Right on cue, this past week heralded in an announcement of OpenAI, a new non-profit started by a number of tech luminaries to spearhead AI research that is publicly accessible. The motivation is that apparently these scions of capitalism lose faith in Adam Smith’s invisible hand when it comes to AI R&D. Musk continues to promote the idea that AI will be humanity’s largest existential threat. Challenging this view, the HBR asks if “OpenAI [is] Solving the Wrong Problem“, pointing to the implied lack of trust in capitalism. This is similar to my own parry: that the biggest existential threat to humanity is humanity. Under this premise, the idea of focusing on AI/human symbiosis seems downright crazy, since AI don’t have amygdalas.
Returning to more tangible issues, the HBR article notes that the organizations best able to exploit the knowledge coming out of OpenAI would be those with the most computational resources and best data. This is no different from the status quo, since most research is already public. This is basically an extension of the academic system, which already follows this model. Research institutions, whether academic or corporate, know the value of publicly publishing research. The secret sauce is still the data, along with the methodology for encoding information. A good example of this is research from Karlsruhe Institute of Technology, MIT, and U Toronto on using deep learning for story comprehension. This is impressive research with a lot of moving parts (video frames, script dialogue, Q&A). Judging from the article and the associated paper, at its core the system appears to be a probabilistic classifier that uses video frames and dialogue as supplementary data. Again the point is how important the dataset and the encoding of the data is to the overall solution.
I spent the better part of the weekend setting up TensorFlow. Initially I tried installing the GPU version on my laptop, which has 384 CUDA cores. However, TensorFlow only supports version 7.0 of the NViDIA CUDA drivers on Ubuntu 14, which is not compatible with my system (Ubuntu 15). So I switched to building a new machine with the Tesla K80 that has 4992 cores and 24 GB memory. Getting CUDA configured is not as simple as it could be, but with some grit you can do it. You definitely need to have good working knowledge of Linux to do so. Combined with TensorFlow, you need to really pay attention to version numbers of all pieces, or you might end up with esoteric errors.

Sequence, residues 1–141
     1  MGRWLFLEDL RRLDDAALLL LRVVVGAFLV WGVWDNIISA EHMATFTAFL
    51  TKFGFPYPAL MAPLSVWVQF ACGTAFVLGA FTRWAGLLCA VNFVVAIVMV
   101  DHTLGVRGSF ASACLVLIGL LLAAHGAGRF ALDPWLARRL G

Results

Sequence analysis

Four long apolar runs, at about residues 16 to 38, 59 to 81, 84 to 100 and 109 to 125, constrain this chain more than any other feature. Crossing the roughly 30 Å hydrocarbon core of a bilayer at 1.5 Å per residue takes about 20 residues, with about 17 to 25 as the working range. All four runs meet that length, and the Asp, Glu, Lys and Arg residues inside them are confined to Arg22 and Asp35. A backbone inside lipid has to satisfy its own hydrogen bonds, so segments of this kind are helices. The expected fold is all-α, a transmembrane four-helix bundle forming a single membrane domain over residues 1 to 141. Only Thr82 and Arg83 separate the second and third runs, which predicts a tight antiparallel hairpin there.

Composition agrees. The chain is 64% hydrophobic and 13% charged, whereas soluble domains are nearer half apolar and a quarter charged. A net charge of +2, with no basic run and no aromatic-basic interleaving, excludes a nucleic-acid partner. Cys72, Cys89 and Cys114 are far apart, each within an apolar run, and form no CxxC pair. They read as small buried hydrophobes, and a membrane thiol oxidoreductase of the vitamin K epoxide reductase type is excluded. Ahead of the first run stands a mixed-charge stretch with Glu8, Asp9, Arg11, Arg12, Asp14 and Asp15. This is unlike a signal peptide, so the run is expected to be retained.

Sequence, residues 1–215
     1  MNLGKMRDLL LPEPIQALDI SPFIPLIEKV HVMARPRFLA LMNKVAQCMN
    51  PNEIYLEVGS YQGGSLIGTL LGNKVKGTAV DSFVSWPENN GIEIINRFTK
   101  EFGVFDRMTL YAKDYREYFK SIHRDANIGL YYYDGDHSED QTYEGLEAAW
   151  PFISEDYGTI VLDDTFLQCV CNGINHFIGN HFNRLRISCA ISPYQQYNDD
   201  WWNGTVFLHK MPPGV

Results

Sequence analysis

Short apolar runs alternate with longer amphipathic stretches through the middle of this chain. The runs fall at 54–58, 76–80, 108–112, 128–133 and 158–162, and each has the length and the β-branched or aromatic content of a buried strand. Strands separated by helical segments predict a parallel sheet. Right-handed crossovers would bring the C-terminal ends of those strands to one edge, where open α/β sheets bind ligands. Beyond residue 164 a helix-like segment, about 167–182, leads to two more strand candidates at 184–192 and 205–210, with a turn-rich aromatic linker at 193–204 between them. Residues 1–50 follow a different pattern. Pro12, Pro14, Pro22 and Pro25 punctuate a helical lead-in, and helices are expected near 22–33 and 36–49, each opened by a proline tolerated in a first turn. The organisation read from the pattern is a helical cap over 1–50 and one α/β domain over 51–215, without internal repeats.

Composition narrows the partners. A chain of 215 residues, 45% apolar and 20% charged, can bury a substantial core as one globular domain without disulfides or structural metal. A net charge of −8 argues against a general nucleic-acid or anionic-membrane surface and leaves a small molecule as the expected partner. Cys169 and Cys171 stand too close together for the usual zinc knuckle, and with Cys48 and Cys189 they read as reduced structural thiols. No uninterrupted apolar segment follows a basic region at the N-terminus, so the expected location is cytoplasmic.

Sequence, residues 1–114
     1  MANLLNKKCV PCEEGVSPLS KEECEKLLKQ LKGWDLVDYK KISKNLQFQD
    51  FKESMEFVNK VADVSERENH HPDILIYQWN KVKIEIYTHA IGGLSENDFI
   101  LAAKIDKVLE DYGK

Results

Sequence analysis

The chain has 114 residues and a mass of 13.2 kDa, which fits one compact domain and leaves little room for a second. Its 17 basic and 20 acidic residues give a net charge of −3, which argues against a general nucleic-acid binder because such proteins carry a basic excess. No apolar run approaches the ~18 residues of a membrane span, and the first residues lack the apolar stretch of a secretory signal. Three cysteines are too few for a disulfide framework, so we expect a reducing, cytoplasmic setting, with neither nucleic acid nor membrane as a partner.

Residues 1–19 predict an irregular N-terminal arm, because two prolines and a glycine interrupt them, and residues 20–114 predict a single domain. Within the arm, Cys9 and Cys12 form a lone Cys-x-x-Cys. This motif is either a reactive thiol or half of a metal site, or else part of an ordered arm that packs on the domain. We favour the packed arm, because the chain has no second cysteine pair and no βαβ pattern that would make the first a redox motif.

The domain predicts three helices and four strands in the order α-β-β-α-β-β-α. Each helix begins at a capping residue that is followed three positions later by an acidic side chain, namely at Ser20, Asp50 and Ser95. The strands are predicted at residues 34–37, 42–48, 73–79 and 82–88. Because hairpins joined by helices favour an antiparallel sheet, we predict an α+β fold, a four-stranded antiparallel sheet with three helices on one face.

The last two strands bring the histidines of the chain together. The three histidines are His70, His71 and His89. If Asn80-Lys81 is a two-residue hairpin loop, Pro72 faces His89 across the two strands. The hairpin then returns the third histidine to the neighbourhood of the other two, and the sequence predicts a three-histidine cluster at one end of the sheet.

Having tinkered a bit more with TensorFlow and also the GenSim Word2Vec library, my assessment is that you should only use TensorFlow if you intend to do AI research. Otherwise, use something with a high-level interface, like GenSim.
For R users, the best choice for deep learning appears to be H2O. It is easy to set up and their R library is nicely designed. This is to be expected since Trevor Hastie and Rob Tibshirani are on the advisory board. H2O can run atop Hadoop and Spark while also being able to cluster on its own. The primary drawback I see is that there is no GPU support. But if you don’t have an Nvidia Tesla lying about, you’re probably better off using H2O over multiple machines.
JIT in R
A user of my futile.logger logging package submitted a pull request to enable JIT for the package. Just-in-time compilation is an optimization technique popularized by Java. In short, it compiles bits of code on the fly and caches them for reuse. Think of it as memoisation for functions. Tal Gilili has a great overview of JIT in R that is worth a read. One thing that isn’t mentioned is how to enable JIT for a whole package. To do this, simply add
ByteCompile: yes to your
DESCRIPTION file, and you’re all set! This is a great example of how R has become more user friendly over time.
There are two drawbacks to JIT: 1) it can reduce the initial load time of you package, and 2) it can add to the file size of the built package. Most of the time, this shouldn’t be significant, so give it a go.
East Coast readers are either lapping up the lovely weather or are lamenting the probable lack of a ski/ice season this year. This December has blown past numerous records and has been in the 70s as far north as Virginia. Here in NY, the Japanese maples are just losing their leaves, and we still have some roses in bloom. If this keeps up, southern winter real estate may soon be replaced by northern summer real estate.
Brian Lee Yung Rowe is Founder and Chief Pez Head of Pez.AI // Zato Novo, a conversational AI platform for data analysis. Learn more at Pez.AI. The original blog can be seen here.